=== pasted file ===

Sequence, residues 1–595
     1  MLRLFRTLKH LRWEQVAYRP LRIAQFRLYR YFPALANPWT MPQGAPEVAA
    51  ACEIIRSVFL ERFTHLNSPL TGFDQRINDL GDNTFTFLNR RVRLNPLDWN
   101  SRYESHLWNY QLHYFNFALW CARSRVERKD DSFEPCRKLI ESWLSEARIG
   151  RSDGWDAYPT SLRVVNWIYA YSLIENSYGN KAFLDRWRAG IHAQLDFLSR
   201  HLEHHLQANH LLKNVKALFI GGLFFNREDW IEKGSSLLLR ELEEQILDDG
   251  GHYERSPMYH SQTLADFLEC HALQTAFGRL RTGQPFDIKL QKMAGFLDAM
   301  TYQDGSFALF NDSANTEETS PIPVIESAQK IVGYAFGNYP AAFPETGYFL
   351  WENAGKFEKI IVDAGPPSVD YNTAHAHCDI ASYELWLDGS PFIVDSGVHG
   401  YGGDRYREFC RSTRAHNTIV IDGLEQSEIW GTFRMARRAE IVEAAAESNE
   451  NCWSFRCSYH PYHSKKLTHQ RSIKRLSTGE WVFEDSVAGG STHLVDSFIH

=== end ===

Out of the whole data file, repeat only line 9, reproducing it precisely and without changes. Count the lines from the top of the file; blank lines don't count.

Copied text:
   351  WENAGKFEKI IVDAGPPSVD YNTAHAHCDI ASYELWLDGS PFIVDSGVHG